There are so many amazing health benefits attributed to kale. It is exceptionally high in vitamin K, an anti-inflammatory; it is recognized as an antioxidant, a property that may prevent or delay some types of cell damage and, is considered to help prevent certain cancers and also contains significant levels of vitamins A, C and B complex, calcium, iron and cholesterol lowering fiber. It can be of no surprise that kale is called superfood but, in order to be effective, significant quantities must be regularly consumed.

With large floppy leaves kale is a member of the cabbage family and creeps into cooking under many different guises: Italians add cavolo nero to pork stews and polenta dishes whilst their staples, Parmesan and olive oil are excellent combinations too. In a similar way, Irish Colcannon combines mashed potato and kale, potato complimenting the bitter-sweetness of kale.

Walnuts add warmth so a mound of shredded kale is the ideal recipient for a slug of fresh Perigord walnut oil and a handful of ‘le noix’, crushed then toasted thus tempering the bitterness of the beneficiary.

Bring a pan of water to a rolling boil before adding washed, shredded kale. Cover with a lid and set the timer for 2 minutes. Drain the wilted kale in a colander followed by lots of cold water to stop further cooking. Drain. Gently heat a tablespoon or so of walnut oil in a heavy based frying pan. Add a handful of roughly crushed walnuts, allowing them to toast and colour, stirring from time to time to prevent burning, enhancing their earthy, ‘nutty’ flavour. Make sure the kale is perfectly dry (a salad spinner is ideal for this) before adding to the pan; sauté for 2 or 3 minutes and serve.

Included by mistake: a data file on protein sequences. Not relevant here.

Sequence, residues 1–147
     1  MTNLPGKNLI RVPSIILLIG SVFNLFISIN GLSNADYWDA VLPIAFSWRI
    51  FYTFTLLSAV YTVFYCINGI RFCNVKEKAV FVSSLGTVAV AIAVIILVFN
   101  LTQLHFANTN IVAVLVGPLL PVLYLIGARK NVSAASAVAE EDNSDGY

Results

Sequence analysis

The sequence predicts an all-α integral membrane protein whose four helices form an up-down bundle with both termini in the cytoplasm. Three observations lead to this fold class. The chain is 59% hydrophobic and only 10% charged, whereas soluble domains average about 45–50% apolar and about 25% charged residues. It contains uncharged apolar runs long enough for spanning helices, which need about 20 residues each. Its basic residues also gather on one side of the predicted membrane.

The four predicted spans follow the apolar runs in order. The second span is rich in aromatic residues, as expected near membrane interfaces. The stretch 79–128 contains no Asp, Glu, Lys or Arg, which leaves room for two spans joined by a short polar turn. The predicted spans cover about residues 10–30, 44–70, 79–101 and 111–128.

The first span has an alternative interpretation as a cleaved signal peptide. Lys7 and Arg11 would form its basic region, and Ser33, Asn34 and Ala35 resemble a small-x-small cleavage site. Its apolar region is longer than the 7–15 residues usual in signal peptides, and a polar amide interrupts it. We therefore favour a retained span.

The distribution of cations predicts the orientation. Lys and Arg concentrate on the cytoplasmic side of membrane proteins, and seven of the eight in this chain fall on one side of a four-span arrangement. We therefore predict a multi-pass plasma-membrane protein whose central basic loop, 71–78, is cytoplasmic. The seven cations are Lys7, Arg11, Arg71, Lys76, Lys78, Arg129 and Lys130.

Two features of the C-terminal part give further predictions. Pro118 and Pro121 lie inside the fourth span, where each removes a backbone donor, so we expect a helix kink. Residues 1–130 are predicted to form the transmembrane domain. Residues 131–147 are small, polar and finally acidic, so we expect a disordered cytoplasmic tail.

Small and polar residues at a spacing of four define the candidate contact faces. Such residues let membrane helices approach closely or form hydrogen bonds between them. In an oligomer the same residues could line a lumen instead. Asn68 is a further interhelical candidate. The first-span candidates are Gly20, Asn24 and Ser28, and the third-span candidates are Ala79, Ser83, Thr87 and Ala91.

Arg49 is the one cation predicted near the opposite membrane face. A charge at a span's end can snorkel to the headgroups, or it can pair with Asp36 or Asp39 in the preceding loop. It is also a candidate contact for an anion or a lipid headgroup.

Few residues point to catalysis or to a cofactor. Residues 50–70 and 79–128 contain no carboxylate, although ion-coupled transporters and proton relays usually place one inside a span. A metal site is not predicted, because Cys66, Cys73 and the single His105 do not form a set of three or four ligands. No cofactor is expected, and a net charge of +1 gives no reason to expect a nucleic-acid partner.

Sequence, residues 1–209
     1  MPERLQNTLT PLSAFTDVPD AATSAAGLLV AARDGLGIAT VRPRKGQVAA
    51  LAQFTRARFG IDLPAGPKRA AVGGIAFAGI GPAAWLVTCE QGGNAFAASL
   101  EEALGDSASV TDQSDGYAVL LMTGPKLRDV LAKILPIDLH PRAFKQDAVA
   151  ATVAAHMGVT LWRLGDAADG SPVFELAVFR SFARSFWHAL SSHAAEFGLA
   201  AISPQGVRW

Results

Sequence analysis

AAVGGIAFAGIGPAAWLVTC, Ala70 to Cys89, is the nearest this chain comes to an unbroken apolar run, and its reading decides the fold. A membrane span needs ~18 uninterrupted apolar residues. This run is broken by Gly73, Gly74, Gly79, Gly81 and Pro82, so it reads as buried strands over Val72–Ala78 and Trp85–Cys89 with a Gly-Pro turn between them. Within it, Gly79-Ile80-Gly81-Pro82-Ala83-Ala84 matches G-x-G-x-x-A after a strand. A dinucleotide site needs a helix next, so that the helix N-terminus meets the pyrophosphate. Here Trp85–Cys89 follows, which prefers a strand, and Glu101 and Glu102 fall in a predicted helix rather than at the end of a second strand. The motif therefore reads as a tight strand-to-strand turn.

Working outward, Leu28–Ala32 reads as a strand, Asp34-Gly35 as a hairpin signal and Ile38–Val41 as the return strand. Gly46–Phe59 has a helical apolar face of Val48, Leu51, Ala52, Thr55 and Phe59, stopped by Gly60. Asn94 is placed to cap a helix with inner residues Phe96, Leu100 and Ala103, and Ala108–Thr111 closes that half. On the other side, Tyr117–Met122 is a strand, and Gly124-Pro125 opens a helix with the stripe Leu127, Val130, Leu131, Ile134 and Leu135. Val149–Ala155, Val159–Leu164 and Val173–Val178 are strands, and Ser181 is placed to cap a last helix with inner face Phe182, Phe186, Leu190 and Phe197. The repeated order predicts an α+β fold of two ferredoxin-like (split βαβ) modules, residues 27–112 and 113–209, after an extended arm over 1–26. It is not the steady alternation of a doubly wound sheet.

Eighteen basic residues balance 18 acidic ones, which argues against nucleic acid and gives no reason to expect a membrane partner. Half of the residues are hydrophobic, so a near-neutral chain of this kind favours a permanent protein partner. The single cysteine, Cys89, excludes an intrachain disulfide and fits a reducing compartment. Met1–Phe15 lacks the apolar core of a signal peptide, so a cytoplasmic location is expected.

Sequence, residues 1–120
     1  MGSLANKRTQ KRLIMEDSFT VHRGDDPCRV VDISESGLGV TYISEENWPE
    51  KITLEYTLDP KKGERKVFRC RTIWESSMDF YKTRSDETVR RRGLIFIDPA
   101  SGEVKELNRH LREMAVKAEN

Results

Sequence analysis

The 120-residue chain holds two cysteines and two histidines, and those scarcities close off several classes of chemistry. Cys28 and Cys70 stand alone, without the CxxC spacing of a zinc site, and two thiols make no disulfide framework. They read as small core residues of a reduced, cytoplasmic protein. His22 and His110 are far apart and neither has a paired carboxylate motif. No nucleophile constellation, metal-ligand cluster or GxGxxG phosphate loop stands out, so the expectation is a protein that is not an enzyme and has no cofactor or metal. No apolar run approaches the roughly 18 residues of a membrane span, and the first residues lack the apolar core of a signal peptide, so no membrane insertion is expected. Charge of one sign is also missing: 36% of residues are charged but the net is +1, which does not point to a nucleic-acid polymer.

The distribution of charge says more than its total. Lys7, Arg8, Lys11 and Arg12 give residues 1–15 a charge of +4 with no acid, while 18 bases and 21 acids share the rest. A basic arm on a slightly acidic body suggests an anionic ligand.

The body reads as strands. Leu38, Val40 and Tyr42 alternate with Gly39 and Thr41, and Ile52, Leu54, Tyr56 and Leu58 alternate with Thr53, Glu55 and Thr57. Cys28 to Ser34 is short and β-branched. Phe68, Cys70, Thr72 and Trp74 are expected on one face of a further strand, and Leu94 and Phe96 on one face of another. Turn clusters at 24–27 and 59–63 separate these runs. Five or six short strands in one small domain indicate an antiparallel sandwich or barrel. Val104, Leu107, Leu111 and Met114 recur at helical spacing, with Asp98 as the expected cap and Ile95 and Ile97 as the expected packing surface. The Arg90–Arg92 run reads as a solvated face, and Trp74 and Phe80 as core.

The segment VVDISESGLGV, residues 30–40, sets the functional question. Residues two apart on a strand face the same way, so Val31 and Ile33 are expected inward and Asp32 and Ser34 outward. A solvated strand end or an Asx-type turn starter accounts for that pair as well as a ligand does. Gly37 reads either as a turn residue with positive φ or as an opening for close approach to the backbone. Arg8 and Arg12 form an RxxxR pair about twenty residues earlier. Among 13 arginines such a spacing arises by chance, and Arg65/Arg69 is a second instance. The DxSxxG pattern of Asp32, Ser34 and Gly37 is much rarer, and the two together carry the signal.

Kale with Walnuts is a perfect accompaniment to roast pork, chicken or fish with any leftovers being tossed through cooked pasta, sprinkling grated, fresh Parmesan and lemon zest or served with spaghetti and orange-basil infused prawns with Parmesan crumbs.

To serve 4, marinade about 400g uncooked prawns in a couple of tablespoons of orange oil, finely chopped zest and juice of 1 orange and a handful of torn basil leaves. If you wish, a little chilli or crushed garlic may also be added and leave for about an hour, allowing flavours to infuse.

Prepare the Parmesan crumbs. Combine a handful of panko (or fresh) breadcrumbs with a couple of tablespoons of freshly grated Parmesan then toast in a non-stick frying pan. Keep stirring and be watchful to ensure the breadcrumbs don’t burn; remove from the pan and set aside.

Cook the spaghetti according to the manufacturer’s instructions. Add a little orange oil to the frying pan, turn up the heat, adding the drained prawn; reserve the marinade. Cook the prawns over a high heat for 2 or 3 minutes until they are opaque, slightly browned and fully cooked; add the leftover Kale and Walnuts with the reserved marinade and continue to cook for a further minute or so or until piping hot.

Drain the spaghetti by using the lid and so a little cooking water remains. Toss through the prawn mixture. Divide between warmed bowls and sprinkle with Parmesan crumbs and roughly torn basil leaves.

Note: Orange oil is easily replaced by lemon, basil or a soft, fruity olive oil; leftover Parmesan crumbs may be stored in a recycled, lidded jam jar.